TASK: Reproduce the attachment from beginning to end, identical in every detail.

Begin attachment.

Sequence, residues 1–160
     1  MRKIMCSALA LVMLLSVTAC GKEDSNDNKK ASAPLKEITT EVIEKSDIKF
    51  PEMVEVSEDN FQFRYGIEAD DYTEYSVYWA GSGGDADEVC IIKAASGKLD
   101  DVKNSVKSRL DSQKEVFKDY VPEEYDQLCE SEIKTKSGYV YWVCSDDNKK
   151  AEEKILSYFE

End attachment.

Sequence, residues 1–160
     1  MRKIMCSALA LVMLLSVTAC GKEDSNDNKK ASAPLKEITT EVIEKSDIKF
    51  PEMVEVSEDN FQFRYGIEAD DYTEYSVYWA GSGGDADEVC IIKAASGKLD
   101  DVKNSVKSRL DSQKEVFKDY VPEEYDQLCE SEIKTKSGYV YWVCSDDNKK
   151  AEEKILSYFE